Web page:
Adam stresses that tech solutions can only go so far to solve underlying problems in society:

“Unless we focus on the root causes of terrorist content online we will face a never-ending task of suppressing content. As a society we need to make some big decisions about just how far we want to go to securitise society: the future of the internet is at stake.  With the emerging wave of global tech regulation we should remain alert to the risk of governments delegating too much responsibility to tech companies to deal with underlying problems in society. Done badly, the risk is that regulation will result in a patchwork of global laws that have irreversible unintended consequences.”

Greater adoption of safety tech
Ian Stevenson, CEO, 
Cyan Forensics

“This time last year, if we had been talking about an online safety tech industry, you would have got an awful lot of blank looks. Now there are a lot of people in the UK who will know what we are talking about and that is starting to spread internationally.” 

In the last year, Ian has seen more organisations adopting safety tech and reacting to what’s happening on platforms; withdrawing ad spend when platforms do not act on removing or preventing dangerous content.

This raises concerns as to why there are not standards to safeguard the use of technology, as well as government legislation.” 

In recent months, social media platforms have been telling the wider population what online content should be removed. Ian uses Twitter banning Trump as a high-profile example of action taken by a platform.

“Technology companies should not be telling us what content needs to be removed but we, as a society, should be telling technology companies what should be regulated; it should stem from society and be mandated by law.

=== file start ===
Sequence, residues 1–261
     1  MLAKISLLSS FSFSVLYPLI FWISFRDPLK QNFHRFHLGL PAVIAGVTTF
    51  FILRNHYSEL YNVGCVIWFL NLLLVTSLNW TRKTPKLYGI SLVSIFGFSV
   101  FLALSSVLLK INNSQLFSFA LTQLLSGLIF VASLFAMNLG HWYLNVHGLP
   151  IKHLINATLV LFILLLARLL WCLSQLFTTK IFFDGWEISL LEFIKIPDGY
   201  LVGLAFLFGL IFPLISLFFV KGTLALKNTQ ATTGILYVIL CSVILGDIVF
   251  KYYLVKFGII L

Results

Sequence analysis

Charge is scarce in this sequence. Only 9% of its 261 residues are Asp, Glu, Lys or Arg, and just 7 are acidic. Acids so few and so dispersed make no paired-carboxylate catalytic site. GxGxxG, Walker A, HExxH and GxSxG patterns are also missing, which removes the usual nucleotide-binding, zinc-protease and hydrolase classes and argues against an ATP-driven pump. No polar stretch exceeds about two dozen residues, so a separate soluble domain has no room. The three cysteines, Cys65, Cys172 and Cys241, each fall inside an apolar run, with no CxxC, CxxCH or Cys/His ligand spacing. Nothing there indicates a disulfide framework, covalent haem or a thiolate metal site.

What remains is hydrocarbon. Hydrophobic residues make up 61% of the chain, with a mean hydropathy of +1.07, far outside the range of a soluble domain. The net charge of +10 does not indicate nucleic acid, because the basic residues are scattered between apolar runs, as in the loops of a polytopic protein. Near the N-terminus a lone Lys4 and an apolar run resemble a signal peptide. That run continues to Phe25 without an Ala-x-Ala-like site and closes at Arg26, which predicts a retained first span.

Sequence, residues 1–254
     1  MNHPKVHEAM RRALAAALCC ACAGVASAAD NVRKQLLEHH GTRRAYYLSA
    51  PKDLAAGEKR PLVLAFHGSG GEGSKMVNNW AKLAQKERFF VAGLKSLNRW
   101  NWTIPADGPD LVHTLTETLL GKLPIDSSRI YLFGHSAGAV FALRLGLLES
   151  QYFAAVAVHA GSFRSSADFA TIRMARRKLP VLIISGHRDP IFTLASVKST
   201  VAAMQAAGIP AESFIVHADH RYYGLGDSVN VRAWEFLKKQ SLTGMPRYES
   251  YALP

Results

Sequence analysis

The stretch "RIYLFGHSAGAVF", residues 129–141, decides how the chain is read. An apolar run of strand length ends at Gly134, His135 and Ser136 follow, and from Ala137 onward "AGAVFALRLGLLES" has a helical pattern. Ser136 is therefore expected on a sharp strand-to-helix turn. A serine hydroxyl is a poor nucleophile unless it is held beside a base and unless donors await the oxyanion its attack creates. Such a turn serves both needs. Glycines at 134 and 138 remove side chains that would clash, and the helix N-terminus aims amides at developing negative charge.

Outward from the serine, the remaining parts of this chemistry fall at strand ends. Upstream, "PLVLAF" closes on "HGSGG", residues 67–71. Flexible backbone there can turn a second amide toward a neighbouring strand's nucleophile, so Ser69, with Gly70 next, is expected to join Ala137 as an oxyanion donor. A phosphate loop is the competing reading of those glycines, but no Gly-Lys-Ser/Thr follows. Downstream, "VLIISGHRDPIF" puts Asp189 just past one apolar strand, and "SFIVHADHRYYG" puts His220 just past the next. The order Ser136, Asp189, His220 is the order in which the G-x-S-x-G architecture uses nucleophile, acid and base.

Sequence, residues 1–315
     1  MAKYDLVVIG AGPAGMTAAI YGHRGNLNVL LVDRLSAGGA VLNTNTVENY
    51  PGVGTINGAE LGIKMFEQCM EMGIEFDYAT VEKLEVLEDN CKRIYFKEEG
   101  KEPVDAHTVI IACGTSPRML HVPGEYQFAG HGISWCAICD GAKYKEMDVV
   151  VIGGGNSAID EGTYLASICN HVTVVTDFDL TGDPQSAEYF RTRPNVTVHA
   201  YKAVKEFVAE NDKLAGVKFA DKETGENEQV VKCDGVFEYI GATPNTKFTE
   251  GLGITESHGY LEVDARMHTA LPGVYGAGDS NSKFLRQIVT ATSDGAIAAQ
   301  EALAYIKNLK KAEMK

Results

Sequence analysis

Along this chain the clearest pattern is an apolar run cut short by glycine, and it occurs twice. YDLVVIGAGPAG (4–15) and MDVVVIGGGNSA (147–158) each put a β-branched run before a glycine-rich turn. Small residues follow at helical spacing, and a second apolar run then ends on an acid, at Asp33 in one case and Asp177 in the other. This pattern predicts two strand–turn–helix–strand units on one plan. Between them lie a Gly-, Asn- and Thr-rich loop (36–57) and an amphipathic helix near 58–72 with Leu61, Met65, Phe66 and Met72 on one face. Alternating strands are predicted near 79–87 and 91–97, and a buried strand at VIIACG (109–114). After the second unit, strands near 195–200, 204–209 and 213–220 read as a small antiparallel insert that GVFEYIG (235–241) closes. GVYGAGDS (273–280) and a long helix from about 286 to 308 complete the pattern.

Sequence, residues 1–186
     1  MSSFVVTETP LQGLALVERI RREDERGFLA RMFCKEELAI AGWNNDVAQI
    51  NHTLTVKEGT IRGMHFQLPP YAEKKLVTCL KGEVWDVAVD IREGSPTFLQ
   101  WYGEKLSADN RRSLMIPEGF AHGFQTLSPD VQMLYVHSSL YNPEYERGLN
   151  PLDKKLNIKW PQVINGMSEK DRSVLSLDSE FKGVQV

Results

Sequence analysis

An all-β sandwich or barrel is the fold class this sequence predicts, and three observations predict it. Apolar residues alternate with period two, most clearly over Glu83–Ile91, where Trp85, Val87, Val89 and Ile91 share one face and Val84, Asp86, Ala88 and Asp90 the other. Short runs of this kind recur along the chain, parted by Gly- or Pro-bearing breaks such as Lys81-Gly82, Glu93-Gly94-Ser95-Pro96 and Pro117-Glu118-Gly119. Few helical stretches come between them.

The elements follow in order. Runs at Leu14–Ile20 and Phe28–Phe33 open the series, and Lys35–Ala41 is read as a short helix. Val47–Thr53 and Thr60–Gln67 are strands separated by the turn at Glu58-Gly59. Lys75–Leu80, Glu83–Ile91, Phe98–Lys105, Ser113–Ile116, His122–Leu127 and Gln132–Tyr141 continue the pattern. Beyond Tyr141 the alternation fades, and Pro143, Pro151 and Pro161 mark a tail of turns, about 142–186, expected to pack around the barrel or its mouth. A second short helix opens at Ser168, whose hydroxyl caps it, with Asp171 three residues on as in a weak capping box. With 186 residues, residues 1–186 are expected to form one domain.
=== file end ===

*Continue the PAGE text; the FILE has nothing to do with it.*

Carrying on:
Technology is an enabler but fundamentally these are human problems and, therefore, there aren’t technology solutions. Technology solutions can help enforce human decisions about what we should be doing, but you can’t just tell technology to ‘stop hate speech’, you humans have to define ‘hate speech’ first.”

Addressing access to data
Tom Drew OBE, Head of Counter Terrorism, 

“AI is becoming a bigger part of safety tech innovation. However, before the industry can reach a point where AI is more universally assisting in flagging and removing online harms, there is a need for large quantities of quality data to be available”

Tom predicts that in the immediate future, greater data gathering and sharing is likely to be a priority focus for the safety tech industry in order to train AI to become a more beneficial tool. Tom believes that there are a range of legal, ethical and structural barriers to be overcome to enable data sharing for many forms of online harm.

“If you show an algorithm enough examples of child groomers’ conversations with victims, there will be signals in that data on which a model can be built to flag to a moderator in a chat room that a conversation looks troubled. From there, online community managers and moderators can make a judgement on the conversation and take appropriate actions. 

However, the challenge with many types of online harm, and child grooming specifically, is a lack of enough consistently labelled data on which to build AI models. This is something to which we have to collectively find solutions: breaking down barriers to sharing existing datasets and thinking imaginatively – but ethically – about the generation of synthetic datasets where sufficient quantities of harm data does not exist.”

What are your thoughts on the future of safety tech? Sign up to attend our event Safety Tech Innovation Challenges: the next steps on 25 February.